These foreign defendants were generally subjected to the jurisdiction of U.S. courts under the “stream of commerce” theory articulated in the seminal case Asahi Metal industry.
This theory generally holds that a court could exercise jurisdiction over a foreign manufacturer of a product so long as the manufacturer knows or reasonably should know that its products are distributed through a “stream of commerce” or national distribution system that might lead to those products being sold in any of the fifty states.
Until recently, all a plaintiff needed to allege to gain personal jurisdiction was show that a foreign manufacturer knew or should have known that its product(s) could reach the forum state.
A recently decided U.S. Supreme Court case significantly limited this analysis. In McIntyre Machinery, the Court held that the exercise of stream-of-commerce personal jurisdiction was not proper unless a party purposefully avails itself of conducting activities within the specific forum State. It generally isn’t enough that the foreign manufacturer might have predicted that its goods would reach the forum state.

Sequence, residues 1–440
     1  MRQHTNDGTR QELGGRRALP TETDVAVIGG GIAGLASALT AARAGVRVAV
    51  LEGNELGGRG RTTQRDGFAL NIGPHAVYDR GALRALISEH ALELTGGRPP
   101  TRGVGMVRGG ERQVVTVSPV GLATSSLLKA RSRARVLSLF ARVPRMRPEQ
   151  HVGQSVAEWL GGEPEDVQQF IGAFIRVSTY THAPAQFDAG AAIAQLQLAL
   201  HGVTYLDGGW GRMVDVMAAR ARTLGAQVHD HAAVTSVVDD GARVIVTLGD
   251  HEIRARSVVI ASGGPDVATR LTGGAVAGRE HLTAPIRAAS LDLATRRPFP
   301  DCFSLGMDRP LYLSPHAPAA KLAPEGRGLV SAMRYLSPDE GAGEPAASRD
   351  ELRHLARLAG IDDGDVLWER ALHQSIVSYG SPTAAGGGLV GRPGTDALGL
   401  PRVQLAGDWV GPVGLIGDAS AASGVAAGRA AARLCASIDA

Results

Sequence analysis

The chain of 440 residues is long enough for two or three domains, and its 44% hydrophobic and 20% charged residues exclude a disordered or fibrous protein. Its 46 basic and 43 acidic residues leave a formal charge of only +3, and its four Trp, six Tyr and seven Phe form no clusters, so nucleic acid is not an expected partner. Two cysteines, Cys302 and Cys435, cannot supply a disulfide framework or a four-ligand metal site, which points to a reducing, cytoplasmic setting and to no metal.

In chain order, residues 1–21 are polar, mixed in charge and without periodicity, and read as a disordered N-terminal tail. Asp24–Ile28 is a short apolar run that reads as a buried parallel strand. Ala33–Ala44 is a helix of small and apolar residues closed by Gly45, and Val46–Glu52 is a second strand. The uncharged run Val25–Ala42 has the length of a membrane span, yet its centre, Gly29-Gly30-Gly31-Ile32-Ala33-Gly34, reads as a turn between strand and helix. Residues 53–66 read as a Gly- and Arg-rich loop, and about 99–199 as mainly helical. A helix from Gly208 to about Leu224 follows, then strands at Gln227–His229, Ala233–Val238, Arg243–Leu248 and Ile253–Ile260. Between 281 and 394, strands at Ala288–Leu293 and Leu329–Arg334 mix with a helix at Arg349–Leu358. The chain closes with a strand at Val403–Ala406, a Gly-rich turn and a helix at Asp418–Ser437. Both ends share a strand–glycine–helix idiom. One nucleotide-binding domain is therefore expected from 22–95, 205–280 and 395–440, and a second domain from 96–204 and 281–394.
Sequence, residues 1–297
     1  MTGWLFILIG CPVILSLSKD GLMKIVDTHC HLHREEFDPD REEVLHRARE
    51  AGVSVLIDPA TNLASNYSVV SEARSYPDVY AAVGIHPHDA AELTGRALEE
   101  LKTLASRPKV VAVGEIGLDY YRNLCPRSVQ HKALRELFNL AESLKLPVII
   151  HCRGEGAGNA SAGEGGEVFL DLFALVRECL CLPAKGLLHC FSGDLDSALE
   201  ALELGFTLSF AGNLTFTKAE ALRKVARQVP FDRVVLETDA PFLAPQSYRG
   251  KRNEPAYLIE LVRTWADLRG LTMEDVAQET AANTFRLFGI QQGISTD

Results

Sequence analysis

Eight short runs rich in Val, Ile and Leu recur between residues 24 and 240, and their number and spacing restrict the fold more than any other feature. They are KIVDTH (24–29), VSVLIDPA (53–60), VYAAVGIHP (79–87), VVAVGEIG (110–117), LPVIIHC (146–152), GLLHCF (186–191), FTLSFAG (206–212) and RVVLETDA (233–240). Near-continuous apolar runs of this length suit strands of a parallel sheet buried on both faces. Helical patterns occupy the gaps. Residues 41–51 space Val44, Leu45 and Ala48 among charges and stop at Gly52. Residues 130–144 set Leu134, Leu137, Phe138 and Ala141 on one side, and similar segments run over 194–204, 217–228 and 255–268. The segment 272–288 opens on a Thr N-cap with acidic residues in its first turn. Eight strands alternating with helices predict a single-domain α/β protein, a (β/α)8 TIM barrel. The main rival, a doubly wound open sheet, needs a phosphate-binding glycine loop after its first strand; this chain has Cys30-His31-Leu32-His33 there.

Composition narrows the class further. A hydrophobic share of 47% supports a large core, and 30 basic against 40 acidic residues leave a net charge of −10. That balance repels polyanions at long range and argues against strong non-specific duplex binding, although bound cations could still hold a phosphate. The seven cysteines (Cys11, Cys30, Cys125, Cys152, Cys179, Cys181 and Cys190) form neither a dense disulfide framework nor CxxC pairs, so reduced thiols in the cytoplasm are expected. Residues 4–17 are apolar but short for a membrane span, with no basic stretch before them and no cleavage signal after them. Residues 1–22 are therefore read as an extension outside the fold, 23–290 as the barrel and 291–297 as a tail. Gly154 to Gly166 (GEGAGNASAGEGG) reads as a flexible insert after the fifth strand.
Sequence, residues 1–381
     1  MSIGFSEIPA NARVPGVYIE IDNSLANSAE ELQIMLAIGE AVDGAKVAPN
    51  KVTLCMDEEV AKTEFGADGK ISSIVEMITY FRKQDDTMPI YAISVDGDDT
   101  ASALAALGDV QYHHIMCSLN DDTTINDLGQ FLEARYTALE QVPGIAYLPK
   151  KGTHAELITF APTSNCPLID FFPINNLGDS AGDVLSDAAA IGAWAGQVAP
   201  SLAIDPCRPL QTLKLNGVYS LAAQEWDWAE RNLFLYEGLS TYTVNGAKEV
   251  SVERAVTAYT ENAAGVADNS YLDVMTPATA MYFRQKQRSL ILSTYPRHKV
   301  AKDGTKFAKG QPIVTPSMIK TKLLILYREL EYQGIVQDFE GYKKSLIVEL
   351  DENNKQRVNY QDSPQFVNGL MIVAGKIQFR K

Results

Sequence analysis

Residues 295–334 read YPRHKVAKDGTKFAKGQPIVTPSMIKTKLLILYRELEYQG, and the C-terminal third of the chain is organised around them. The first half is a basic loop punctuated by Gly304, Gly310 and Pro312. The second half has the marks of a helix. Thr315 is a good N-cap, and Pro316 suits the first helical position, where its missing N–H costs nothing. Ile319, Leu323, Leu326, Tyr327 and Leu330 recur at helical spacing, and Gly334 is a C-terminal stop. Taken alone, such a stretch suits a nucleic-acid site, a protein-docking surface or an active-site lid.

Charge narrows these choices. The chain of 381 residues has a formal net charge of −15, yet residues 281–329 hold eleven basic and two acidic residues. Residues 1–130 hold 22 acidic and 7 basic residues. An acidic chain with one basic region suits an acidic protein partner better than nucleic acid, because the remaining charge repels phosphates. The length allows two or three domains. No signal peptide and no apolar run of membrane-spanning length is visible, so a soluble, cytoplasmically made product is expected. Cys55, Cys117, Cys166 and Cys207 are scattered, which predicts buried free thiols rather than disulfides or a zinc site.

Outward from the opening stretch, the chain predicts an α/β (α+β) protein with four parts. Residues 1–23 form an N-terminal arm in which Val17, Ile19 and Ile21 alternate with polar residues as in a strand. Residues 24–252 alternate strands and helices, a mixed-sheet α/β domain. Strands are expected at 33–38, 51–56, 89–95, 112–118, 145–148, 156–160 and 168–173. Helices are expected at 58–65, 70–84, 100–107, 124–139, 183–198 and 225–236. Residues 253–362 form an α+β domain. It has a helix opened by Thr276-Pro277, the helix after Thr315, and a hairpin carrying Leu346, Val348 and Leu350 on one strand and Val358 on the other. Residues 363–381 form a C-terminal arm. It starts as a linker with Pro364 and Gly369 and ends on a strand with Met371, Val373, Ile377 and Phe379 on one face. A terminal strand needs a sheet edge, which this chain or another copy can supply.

Significantly, the Court took issue with the “stream of commerce” metaphor itself.
The imprecision arising from Asahi , for the most part, results from its statement of the relation between jurisdiction and the “stream of commerce.” The stream of commerce, like other metaphors, has its deficiencies as well as its utility. It refers to the movement of goods from manufacturers through distributors to consumers, yet beyond that descriptive purpose its meaning is far from exact.
McIntyre Machinery is an important case because it will likely lead lower courts to dismiss certain cases which would otherwise have remained in court.
The case will also force plaintiffs’ attorneys to examine the jurisdictional basis of their cases more closely. Unless, they can establish that a foreign manufacturer specifically targeted the forum state in this context, it now becomes far less likely that a court would assert personal jurisdiction over the foreign manufacturer.
From the manufacturers’ standpoint, McIntyre Machinery provides foreign corporations with a better understanding of the U.S. legal landscape allowing them to more accurately assess their litigation risk. For example, foreign corporations may choose to limit their sales activities to specific U.S. states to limit their exposure to products liability lawsuits.
What do you think–did the Supreme Court get it right?